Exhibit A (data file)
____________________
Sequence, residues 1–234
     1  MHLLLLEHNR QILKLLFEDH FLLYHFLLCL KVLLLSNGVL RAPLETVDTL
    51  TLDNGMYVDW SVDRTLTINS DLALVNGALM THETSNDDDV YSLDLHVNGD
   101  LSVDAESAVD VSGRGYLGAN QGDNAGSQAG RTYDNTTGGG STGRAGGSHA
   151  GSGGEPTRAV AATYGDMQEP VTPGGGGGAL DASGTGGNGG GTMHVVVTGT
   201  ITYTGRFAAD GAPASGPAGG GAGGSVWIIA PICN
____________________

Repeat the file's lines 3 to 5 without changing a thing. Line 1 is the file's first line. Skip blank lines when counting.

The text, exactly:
    51  TLDNGMYVDW SVDRTLTINS DLALVNGALM THETSNDDDV YSLDLHVNGD
   101  LSVDAESAVD VSGRGYLGAN QGDNAGSQAG RTYDNTTGGG STGRAGGSHA
   151  GSGGEPTRAV AATYGDMQEP VTPGGGGGAL DASGTGGNGG GTMHVVVTGT